1. Give your people genuine voice

This is probably the improvement opportunity that comes up most often in employee surveys and there are lots of options such as:

  • Set up a staff consultative committee or representative workplace improvement team
  • Do regular employee surveys to get people’s views and spot check progress
  • Have a publicly committed to improvement plan for people and culture
  • Ensure that you have trusted and effective grievance and suggestions processes in place
  • Give people regular and balanced feedback about how they are going
  1. Make sure you have the capability

Continuously work on your communication processes and skills as a core business competency that impacts critically on all aspects of running a business.

If you don’t have the strengths internally, look externally to get help in communications design, positive policy writing and coaching for people in your business who play key roles in communications.

The spin offs are higher efficiency, happier people and a more profitable business.

Ridgeline HR offers a variety of coaching, consulting and contracting services to assist businesses with consultation and communication requirements and enquiries can be directed to Peter Maguire on 0438 533 311 or email pmaguire@ridgelinehr.com.au.  

 

FWO audit finds over 40% of employers not compliant

The Fair Work Ombudsman has just released its latest audit report on campaigns run in the Dandenong and Warrnambool – Otway Ranges regions.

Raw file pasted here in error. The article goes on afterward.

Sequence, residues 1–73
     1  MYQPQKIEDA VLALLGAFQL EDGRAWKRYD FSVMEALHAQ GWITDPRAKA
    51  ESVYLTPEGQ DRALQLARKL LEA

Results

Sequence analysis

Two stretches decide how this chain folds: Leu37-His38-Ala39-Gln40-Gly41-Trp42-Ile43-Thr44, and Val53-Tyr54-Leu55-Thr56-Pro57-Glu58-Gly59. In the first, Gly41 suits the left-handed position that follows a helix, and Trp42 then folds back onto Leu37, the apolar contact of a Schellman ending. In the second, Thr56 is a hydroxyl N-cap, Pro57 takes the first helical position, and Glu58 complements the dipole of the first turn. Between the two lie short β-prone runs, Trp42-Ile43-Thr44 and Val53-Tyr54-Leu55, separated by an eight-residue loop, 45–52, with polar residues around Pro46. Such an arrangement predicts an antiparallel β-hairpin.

In the Dandenong campaign, 253 businesses in Dandenong, Dandenong South, Keysborough, Noble Park and Springvale were audited with the following findings:

  • 42% were not compliant on some count
  • 26% were not paying their employees correctly
  • 23% were not compliant with payslip and record keeping requirements
  • $428,676 in underpaid wages was recovered for 185 employees from 46 businesses

In the Warrnambool – Otway Ranges campaign, 251 businesses in Camperdown, Colac and Warrnambool were audited with findings of:

  • 41% were not compliant on some count
  • 28% were not paying their employees correctly
  • 21% were not compliant with payslip and record keeping requirements
  • $195,656 in underpaid wages was recovered for 200 employees from 48 businesses.

Across the two campaigns, the Fair Work Ombudsman issued 56 notices of various sorts including 15 infringement notices which can involve on-the-spot fines of up to $6,300 per offence.

Businesses that commit serious offences can be up for prosecution and penalties of up to $630,000 per offence for a corporation and $126,000 per offence for an individual.